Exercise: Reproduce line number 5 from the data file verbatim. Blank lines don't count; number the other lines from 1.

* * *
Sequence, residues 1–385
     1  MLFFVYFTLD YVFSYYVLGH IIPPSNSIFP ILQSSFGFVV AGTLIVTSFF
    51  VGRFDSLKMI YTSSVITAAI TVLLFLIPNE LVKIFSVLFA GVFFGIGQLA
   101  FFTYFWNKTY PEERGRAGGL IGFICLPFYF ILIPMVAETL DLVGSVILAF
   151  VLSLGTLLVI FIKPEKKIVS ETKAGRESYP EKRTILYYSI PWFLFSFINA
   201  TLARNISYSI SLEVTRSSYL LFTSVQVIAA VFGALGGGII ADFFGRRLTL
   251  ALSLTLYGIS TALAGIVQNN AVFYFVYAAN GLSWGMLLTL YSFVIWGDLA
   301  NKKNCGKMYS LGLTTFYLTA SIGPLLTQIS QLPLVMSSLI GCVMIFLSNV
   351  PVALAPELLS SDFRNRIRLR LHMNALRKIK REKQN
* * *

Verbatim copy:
   151  VLSLGTLLVI FIKPEKKIVS ETKAGRESYP EKRTILYYSI PWFLFSFINA